ismailalmokyad's version from 2018-01-25 17:54


Question Answer
1-A pt was diagnosed with Huntington disease and he ask you not to tell his family member who may be affected with the disease dont tell unless there is a treatment that may improve the outcome in the family member.
2-wt is primary, secondary, tertiary, and quaternary prevention levels.1-primary prevention: is defined as the prevention of risk factors themselves.

2- is defined as an action prevent progression of a disease at its initial stage before irreversible pathological changes take place, thus preventing complications.

3-Tertiary prevention is taking all actions available to limit impairments and disabilities after the condition has already advanced(eg, CABG).

4- Quaternary prevention limit and prevent unnecessary or excessive intervention as done by shared electronic medical record.
3-how to dx menopause > 1 year of amenorrhea.
4-wt is risk factor for endometrial hyperplasia and cancer1-obesity
2-age >45
4-diabetes mellitus
7-Early menarch or late menopause

NB: contraceptive that contain both estrogen and progestrone decrease risk of uterine cancer
5-wt is the treatment of anovulatory bleeding (excessive bleeding in the transition to menopause)after excluding hyperplasia and cancer in high risk pts you can use the following.

1-low-dose oral contraceptives
2-cyclic progestins
3-levonorgestrel-containing intrauterine device.

**All of which provide endometrial protection**.
6-Gastroparesis causes1-Diabetes (autonomic neuropathy)
2-Medications (eg, opioids, anticholinergic drugs)
3-Traumatic/postsurgical (eg, vagus nerve injury)
4-Neurologic (eg, multiple sclerosis, spinal cord injury) Idiopathic/postviral
7-Gastroparesis clinical picture1-Nausea & vomiting
2-Early satiety
3-Bloating & abdominal pain
4-Weight loss
5-Labile glucose (diabetics)
6-Epigastric distension & succussion splash on examination
8-Gastroparesis diagnosis1-Exclude obstruction with upper gastrointestinal endoscopy
2-Exclude external compression (if suspected) with CT scan
3-Assess motility with nuclear gastric-emptying study
9-Gastroparesis treatment1-Diet: Frequent small meals with low fat & only soluble fiber
2-Promotility drugs: metoclopramide(1st),Erythromycin
3-Gastric electrical stimulation &/or jejunal feeding tubes for refractory symptoms
10-when to screen for endometrial hyperplasia/ cancer in old lady who is taking Tamoxifen post breast cancerevaluation only if symptoms develop (eg, abnormal uterine bleeding, postmenopausal bleeding).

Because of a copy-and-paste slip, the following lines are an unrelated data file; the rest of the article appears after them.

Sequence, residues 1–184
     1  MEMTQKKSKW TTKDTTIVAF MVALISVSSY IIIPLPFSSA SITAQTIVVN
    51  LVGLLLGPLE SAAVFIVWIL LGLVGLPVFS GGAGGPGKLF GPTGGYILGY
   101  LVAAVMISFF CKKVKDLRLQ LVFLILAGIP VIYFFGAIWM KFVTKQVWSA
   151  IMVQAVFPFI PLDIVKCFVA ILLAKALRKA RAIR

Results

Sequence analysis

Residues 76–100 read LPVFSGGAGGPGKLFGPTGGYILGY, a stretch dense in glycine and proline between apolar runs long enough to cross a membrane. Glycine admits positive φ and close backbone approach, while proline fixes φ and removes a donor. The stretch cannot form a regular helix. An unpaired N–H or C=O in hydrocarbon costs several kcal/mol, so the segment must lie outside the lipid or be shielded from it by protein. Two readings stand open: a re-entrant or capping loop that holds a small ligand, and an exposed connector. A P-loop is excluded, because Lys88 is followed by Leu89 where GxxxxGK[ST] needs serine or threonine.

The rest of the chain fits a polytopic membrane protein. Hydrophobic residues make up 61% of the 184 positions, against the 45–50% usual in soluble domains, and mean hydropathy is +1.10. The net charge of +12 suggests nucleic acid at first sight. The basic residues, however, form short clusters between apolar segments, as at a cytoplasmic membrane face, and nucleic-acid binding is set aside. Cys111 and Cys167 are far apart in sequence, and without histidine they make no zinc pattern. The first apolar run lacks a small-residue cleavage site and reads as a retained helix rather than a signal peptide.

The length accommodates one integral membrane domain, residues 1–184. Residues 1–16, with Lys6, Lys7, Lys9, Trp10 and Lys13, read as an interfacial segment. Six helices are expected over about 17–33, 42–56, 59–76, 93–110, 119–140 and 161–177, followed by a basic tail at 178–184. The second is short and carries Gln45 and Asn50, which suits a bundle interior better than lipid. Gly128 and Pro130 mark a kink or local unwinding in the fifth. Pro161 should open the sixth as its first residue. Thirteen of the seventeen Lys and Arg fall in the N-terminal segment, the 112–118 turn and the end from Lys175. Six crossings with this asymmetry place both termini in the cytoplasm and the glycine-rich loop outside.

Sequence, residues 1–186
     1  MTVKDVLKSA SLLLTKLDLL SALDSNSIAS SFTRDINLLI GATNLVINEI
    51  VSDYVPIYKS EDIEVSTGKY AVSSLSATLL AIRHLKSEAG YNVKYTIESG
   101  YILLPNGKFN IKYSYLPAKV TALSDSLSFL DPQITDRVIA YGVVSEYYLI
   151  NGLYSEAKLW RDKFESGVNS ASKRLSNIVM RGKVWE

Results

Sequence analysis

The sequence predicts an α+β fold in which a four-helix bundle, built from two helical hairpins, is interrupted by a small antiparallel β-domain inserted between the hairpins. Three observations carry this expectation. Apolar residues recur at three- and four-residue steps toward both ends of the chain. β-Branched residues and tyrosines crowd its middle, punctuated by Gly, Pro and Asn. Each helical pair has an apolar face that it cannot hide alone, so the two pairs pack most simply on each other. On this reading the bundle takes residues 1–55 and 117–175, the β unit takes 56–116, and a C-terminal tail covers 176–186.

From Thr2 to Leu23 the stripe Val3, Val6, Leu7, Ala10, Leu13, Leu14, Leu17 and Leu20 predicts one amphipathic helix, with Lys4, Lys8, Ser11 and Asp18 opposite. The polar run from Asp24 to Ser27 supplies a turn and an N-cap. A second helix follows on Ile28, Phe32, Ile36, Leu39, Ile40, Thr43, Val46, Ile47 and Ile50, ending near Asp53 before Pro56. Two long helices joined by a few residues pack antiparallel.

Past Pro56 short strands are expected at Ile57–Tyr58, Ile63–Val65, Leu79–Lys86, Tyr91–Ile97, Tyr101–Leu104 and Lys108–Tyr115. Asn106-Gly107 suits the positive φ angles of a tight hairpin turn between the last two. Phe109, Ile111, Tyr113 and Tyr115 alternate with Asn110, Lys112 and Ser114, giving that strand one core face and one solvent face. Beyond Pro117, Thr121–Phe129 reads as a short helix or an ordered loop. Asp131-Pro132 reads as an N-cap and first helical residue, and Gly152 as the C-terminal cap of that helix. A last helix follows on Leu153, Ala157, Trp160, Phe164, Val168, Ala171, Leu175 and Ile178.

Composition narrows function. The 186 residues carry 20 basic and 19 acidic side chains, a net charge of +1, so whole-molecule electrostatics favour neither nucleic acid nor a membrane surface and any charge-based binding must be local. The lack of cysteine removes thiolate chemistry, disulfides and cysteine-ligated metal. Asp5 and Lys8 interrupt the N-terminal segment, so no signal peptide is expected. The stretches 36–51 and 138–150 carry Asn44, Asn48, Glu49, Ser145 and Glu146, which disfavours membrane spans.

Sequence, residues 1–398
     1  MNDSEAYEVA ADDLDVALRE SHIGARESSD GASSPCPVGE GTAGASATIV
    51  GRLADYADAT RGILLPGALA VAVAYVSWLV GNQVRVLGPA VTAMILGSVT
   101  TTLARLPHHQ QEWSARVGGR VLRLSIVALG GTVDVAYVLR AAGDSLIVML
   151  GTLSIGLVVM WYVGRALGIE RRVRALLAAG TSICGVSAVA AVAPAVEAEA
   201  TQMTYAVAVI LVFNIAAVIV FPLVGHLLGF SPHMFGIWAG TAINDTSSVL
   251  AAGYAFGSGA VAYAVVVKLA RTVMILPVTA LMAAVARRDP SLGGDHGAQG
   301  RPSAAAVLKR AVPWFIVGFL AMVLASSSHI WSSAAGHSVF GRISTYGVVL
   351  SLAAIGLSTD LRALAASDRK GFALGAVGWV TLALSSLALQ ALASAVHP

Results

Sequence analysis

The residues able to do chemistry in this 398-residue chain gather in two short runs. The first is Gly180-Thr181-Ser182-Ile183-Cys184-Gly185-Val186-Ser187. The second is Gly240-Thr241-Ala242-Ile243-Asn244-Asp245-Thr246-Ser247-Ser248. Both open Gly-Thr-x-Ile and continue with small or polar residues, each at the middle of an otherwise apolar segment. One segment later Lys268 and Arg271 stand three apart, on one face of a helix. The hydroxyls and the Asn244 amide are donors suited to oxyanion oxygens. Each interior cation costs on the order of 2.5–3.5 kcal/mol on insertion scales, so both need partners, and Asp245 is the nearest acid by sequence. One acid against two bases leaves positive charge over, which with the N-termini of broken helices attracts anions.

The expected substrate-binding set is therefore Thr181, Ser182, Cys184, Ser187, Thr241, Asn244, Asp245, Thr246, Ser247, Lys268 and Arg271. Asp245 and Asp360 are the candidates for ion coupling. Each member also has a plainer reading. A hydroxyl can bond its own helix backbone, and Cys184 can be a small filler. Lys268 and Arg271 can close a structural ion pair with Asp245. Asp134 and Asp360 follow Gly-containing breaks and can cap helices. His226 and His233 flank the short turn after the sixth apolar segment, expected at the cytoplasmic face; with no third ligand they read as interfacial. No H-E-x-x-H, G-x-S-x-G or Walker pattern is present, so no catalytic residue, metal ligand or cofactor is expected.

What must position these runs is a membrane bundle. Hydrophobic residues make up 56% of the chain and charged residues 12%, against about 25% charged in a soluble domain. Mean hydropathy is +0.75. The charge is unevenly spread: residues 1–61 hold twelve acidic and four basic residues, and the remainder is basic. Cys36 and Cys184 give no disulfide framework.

11-wt is the indications of selective estrogen receptor modulators1-Prevention of breast cancer in high-risk patients
2-Tamoxifen: Adjuvant treatment of breast cancer
3-Raloxifene: Postmenopausal osteoporosis
12-wt is side effects of Selective estrogen receptor modulators1-Hot flashes
2-Venous thromboembolism
3-Endometrial hyperplasia & carcinoma (tamoxifen only)
13-pt with untreated celiac disease who developed abd pain and B symptoms (weight loss, fatigue and fever) wt is dx, c/p, complications and prognosis .enteropathy-associated T-cell lymphoma (EATL), an aggressive hematologic malignancy that primarily affects the proximal jejunum.

-c/p: abdominal pain and B symptoms (eg, weight loss, fatigue, fever).

-Complication Bowel obstruction, bowel perforation, and gastrointestinal bleeding are common as the disease progresses.

-Most patients with EATL present late .

-As such, prognosis poor, median survival of 10 months.
14-Indications for prophylactic anti-D immune globulin administration for Rh(D)-negative patients*1-At 28-32 weeks gestation
2-<72 hours after delivery of Rh(D)-positive infant
3-<72 hours after spontaneous abortion
4-Ectopic pregnancy
5-Threatened abortion
6-Hydatidiform mole
7-Chorionic villus sampling, amniocentesis
8-Abdominal trauma 2nd- & 3rd-trimester bleeding
9-External cephalic version
15-what is the effect of Rh(D) alloimmunization on the neonateCan lead to hemolytic disease. When severe anemia develops in the fetus, it can lead to heart failure and subsequent hydrops fetalis (eg, pleural or pericardial effusion, ascites)